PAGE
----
01/24/2007 03:17 pm ET Updated May 25, 2011

But I Want My Trip to Mars

Health care initiatives. Expansion of No Child Left Behind. A balanced budget. And all done without raising taxes. Bush's SOTU address seemed less like a yearly manifesto and more like the magical centerpiece of Siegfried & Roy's spectacular comeback show. But of all the tricks Bush is promising to dazzle us with, none is more spectacularly enticing than the idea of reducing America's dependence on oil by 20% in ten years. Though he's handed the public such dependence reducing promises previously, they were backed by a trifling amount of follow through. So how is it this time, this time, the president will without fail deliver this amazing feat we've been promised?

By simply giving the ax to that bewildering, seemingly impossible Mars mission that Bush promised to deliver us back in '04.

At the time, many people asked why in the world with a war going on and money tight a Republican president would even put forth such an ambitious and expensive plan as a manned Mars shot. Now it seems clear: The president can now take that long forgotten proposal off the table (and any budgeted funds with it) and tell us all about the oil, gas, petroleum products and fuel that's being saved by NOT going to Mars.

Though in reality I don't give the Administration credit for being quite that savvy, in truth Bush is hardly the first president to set lofty ambitions which are not accomplished. For various reasons we never got Johnson's Great Society or Clinton's Health Care reform. The real issue is that beyond the minor promises that politicians routinely make then break, there is something quite insidious about ANY politician setting Kennedy-esque goals which they clearly do not have the wherewithal to achieve (The first step in reducing oil consumption is not taken by giving tax breaks to oil companies).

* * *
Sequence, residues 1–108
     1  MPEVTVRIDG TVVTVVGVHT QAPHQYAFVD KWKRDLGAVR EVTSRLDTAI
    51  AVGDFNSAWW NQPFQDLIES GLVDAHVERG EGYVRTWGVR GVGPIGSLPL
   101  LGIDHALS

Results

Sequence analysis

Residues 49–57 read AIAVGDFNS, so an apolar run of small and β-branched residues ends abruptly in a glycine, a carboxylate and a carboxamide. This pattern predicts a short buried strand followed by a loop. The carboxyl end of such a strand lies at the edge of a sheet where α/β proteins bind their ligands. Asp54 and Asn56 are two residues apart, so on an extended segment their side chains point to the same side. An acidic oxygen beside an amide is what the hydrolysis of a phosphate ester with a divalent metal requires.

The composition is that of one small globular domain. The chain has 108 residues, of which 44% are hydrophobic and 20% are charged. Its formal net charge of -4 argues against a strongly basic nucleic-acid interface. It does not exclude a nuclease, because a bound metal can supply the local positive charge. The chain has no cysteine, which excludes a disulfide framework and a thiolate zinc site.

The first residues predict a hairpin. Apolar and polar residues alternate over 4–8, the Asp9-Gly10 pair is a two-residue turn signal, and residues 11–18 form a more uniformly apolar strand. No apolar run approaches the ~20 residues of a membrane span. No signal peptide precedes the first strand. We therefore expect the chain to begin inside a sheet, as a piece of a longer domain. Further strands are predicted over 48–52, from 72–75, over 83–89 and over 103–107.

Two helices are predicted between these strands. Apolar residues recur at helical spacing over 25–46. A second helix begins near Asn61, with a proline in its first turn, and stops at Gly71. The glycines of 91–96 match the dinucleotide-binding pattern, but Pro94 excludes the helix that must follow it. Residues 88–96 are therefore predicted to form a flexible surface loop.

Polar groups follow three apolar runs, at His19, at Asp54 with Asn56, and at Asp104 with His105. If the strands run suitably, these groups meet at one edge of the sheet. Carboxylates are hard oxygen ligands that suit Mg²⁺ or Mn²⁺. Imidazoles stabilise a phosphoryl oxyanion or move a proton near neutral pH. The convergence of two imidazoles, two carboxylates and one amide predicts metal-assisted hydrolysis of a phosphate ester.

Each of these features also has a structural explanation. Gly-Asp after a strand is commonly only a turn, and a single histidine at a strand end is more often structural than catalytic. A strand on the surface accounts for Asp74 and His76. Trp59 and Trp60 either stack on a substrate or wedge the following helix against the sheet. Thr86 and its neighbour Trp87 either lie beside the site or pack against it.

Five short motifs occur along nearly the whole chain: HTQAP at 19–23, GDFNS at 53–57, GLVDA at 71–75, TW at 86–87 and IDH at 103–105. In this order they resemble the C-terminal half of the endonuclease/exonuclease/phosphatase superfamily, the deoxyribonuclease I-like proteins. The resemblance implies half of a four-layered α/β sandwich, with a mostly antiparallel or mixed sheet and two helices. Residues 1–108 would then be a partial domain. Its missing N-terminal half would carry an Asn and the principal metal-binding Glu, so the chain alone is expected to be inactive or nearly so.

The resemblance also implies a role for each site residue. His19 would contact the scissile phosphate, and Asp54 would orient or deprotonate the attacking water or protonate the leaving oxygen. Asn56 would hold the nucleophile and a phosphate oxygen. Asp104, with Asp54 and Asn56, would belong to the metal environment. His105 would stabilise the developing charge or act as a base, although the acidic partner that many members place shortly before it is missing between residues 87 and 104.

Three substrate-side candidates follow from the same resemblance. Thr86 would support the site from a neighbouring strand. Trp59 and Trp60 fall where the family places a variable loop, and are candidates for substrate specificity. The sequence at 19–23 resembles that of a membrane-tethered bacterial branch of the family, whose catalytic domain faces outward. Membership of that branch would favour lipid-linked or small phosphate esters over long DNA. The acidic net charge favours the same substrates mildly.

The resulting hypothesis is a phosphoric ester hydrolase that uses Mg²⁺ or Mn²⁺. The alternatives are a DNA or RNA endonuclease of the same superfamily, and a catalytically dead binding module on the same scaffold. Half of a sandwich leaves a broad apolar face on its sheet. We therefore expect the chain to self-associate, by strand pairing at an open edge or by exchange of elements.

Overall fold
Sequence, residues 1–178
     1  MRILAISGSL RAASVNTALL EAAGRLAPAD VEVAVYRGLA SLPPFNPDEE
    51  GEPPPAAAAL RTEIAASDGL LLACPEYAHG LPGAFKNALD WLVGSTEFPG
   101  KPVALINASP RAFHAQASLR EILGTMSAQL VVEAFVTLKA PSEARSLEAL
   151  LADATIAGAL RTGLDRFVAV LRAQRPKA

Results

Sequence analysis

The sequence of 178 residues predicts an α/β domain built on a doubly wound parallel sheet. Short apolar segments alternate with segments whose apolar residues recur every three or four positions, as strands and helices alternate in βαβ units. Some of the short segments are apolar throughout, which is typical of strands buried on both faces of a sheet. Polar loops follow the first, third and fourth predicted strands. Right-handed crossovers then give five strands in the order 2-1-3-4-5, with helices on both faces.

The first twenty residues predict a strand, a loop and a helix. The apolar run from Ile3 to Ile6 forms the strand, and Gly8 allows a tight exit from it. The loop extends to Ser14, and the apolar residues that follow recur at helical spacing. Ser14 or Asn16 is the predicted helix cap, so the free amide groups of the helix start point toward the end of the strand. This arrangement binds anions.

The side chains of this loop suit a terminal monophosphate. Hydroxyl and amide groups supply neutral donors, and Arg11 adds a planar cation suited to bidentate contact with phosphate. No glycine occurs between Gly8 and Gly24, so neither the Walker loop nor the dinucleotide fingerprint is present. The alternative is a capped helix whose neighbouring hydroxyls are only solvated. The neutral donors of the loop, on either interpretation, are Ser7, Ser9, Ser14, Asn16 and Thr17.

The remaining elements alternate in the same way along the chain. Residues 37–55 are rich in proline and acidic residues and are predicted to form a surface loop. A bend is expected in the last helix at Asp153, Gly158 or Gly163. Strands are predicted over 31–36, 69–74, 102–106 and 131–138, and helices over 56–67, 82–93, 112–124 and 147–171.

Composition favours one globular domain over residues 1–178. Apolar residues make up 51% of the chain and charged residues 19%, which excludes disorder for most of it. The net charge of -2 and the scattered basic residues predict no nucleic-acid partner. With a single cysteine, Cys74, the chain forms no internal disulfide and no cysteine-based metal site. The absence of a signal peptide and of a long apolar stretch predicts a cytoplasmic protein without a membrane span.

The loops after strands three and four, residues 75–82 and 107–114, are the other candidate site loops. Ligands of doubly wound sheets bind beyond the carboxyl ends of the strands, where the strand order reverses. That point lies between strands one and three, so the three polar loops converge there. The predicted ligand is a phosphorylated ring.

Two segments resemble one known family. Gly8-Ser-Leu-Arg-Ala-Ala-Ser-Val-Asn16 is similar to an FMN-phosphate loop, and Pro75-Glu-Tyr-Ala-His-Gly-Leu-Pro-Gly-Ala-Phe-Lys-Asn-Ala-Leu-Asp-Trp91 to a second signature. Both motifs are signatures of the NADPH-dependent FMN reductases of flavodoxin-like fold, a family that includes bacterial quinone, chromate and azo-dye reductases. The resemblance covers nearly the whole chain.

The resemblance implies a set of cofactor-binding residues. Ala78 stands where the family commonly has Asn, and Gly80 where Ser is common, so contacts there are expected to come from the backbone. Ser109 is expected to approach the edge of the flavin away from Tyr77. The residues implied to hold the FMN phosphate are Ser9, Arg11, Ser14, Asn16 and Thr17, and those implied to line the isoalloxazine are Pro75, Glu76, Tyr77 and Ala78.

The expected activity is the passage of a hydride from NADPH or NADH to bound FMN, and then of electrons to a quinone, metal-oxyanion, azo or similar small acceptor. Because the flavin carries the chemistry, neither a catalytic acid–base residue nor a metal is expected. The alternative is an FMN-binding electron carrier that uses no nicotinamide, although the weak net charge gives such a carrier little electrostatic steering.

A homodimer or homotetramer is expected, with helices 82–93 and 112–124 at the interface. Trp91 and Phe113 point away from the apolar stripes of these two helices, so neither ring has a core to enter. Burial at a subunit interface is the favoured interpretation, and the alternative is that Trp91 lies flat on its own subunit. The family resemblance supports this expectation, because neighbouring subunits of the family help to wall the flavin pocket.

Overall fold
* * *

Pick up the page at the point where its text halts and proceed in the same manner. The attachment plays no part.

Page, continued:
The real point of many of these psychological exercises is foremost, of course, to distract us (see, the war wasn't about oil 'cause we're cutting back on it!), but also to give politicians fallback positions. And in a year's time when funds need to be saved to pay for another year of the war or maintaining tax cuts (and I'll be honest, in my heart of hearts I support tax cuts, but I acknowledge they have to be accounted for somehow) the president can just remove from the budget those health care initiatives or education expansions to get the budget numbers back down to where they need to be. But won't, you ask, the public see through such chicanery? I doubt in a year from now people will much remember what was promised in this state of the union address. After all, how many people do you know who are asking as to where is their trip to Mars?

I know I still want mine.